Solving a Medical Mystery Via E-Mail in Kiev
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Dr. Sergei Krivopustov, a pediatric cardiologist at Children's Hospital No. 2 in Kiev, Ukraine was having a difficult time assessing a 12-year-old patient. The boy had a high fever, an enlarged spleen and was very weak and pale. After a battery of tests and a course of antibiotics, the boy remained ill and undiagnosed. Baffled, Krivopustov and a colleague turned to their partners at Children's Hospital in Philadelphia, Pennsylvania, engaging in a series of e-mail consultations.
"During this time we were sending e-mail to Philadelphia four or five times a week....They were very helpful in pointing out tests and possible diagnoses," Krivopustov said.
After several months, doctors in Kiev began testing for the parasitic disease leishmaniasis, which is transmitted by sand flies. Although the disease had never before been seen in a child in Kiev, doctors felt many of the boy's symptoms matched that of the disease. A bone marrow test for the parasite turned up positive, and the boy was at last treated with the proper medication.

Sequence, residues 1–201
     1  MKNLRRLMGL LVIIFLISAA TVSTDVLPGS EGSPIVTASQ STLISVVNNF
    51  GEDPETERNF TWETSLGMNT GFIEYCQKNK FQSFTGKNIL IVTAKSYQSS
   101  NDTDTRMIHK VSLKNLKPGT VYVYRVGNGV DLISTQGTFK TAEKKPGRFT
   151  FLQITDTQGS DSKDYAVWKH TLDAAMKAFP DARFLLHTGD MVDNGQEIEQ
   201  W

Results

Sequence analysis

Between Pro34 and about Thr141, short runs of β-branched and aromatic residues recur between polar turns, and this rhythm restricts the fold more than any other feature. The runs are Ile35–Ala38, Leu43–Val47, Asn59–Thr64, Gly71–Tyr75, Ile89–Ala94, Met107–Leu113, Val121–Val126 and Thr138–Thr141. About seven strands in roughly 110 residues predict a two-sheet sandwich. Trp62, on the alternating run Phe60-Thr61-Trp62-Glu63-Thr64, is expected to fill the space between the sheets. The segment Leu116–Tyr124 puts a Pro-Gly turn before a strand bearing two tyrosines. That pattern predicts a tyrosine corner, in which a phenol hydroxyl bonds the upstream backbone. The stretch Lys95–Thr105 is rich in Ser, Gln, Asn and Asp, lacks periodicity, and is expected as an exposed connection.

Doctors speculated that the boy picked up the disease while on a summer vacation, and its long incubation period meant that the patient did not become acutely ill until months after returning to Kiev.
"What was so nice was that we all learned from this experience," said William Schwartz, MD, a professor of pediatrics at Children's Hospital. "We can't always provide all the answers, but through e-mail, our partners in Kiev taught us something."